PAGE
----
Epidemiology of Infectious Diseases: Tetanus
A neurotoxin produced by the bacterium Clostridium tetani.
Common clinical features
Characterized by generalized increased rigidity and convulsive spasms of skeletal muscles. The muscle stiffness usually involves the jaw (lockjaw) an neck and then becomes generalised 1,2.
Case fatality rate ranges from 10-80% and is highest among infants and the elderly1.
- Worldwide - present in the environment.
- In 2001 an estimated 282,000 died worldwide from tetanus, mostly in Asia, Africa and South America.
- The incidence of tetanus in the UK decreased following the introduction of national tetanus immunisation in 19612.
- Between 1984 and 2002, there were 186 cases of tetanus in England and Wales, of which 74% occurred in individuals aged over 45 years2.
- Neonatal tetanus is an important cause of mortality in many countries in Asia and Africa due to infection of the baby's umbilical stump.
The gastrointestinal tract and faeces of horses and other animals, including humans.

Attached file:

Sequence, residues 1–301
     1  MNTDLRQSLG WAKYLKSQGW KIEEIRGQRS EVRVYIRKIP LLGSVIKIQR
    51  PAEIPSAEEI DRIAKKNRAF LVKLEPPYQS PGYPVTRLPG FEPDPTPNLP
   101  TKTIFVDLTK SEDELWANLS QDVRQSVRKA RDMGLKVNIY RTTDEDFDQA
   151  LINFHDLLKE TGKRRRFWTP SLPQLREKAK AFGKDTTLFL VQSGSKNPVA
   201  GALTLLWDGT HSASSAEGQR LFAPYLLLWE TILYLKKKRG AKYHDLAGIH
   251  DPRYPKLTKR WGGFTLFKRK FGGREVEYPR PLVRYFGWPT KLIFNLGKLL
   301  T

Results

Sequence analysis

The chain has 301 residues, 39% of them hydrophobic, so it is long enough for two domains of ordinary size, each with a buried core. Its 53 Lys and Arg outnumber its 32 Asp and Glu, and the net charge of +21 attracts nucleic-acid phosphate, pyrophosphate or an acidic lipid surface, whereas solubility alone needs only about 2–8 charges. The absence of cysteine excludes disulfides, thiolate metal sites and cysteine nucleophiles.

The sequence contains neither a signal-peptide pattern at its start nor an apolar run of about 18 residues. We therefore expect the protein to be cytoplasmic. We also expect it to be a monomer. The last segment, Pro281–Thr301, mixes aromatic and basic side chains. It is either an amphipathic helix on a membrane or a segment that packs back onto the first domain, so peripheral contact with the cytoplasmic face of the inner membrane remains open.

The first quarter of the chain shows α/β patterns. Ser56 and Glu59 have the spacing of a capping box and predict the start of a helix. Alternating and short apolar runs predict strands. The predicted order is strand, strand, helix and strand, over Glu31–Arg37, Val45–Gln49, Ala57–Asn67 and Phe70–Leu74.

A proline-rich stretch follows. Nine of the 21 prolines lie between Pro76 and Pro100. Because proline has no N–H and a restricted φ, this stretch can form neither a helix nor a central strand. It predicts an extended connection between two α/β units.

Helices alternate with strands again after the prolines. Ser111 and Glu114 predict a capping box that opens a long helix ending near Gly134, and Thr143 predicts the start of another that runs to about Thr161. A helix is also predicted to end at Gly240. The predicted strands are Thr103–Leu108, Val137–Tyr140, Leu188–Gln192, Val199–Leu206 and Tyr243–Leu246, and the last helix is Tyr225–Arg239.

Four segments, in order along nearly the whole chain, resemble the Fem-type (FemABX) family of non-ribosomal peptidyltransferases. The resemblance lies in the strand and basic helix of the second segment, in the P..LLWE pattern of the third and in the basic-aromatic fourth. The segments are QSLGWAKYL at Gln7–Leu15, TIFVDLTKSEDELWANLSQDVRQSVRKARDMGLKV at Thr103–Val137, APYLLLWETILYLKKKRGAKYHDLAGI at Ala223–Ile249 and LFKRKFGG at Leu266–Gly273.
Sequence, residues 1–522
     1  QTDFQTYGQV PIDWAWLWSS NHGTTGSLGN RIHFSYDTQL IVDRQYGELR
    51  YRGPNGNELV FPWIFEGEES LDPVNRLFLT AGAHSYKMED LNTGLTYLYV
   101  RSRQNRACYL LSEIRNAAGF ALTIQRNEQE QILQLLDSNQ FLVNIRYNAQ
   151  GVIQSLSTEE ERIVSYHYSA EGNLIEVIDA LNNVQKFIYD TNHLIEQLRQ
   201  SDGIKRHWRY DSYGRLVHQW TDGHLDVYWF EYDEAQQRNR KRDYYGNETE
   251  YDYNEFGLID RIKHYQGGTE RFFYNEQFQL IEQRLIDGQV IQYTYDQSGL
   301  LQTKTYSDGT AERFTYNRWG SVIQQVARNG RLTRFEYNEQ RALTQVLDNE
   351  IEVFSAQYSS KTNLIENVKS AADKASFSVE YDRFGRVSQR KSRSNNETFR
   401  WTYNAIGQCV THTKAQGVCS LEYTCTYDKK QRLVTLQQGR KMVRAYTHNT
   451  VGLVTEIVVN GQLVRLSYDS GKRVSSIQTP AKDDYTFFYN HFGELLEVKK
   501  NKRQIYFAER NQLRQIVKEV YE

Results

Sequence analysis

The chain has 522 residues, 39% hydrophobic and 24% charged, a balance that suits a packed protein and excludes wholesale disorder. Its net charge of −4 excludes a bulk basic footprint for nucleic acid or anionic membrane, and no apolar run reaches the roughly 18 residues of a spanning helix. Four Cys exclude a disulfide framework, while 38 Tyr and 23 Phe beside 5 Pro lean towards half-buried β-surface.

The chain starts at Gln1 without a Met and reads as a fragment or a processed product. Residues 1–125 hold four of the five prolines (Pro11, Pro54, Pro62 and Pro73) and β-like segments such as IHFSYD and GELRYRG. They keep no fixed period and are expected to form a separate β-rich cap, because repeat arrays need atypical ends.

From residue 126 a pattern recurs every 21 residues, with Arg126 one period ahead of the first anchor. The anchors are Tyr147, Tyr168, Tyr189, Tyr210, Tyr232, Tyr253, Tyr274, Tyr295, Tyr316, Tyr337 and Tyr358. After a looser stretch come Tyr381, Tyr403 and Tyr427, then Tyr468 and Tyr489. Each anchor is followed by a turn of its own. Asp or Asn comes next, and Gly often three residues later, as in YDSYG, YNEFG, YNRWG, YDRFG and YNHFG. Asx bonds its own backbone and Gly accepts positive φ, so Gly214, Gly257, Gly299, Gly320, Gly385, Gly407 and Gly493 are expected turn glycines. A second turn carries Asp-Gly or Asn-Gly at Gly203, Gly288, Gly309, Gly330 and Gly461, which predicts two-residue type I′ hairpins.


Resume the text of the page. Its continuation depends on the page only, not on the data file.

Tetanus spores are found in soil contaminated with animal faeces.
Tetanus spores are ubiquitous in the environment.
Mode of transmission
When tetanus spores are introduced into the body through a puncture wound contaminated with soil, street dust human faeces or by injecting drug use, and occasionally through abdominal surgery1.
Person to person spread does not occur.
3-21 days, range 1 day to several months.
Most cases occur within 14 days1.
Period of Communicability
No direct person to person transmission.
Prevention and control
Immunization with tetanus toxoid. A Total of five doses of tetanus toxoid containing vaccine at the appropriate intervals are considered to give lifelong immunity2.
- Heymann DL, editor, Control of Communicable Disease Manual. 18th ed. American Public Health Association, 2004.
- Salisbury DM, Begg NT. Immunisation against infectious disease (The green Book). London: HMSO, 1996. Available at http://www.dh.gov.uk/assetRoot/04/07/29/84/04072984.pdf
© CM Kirwan 2006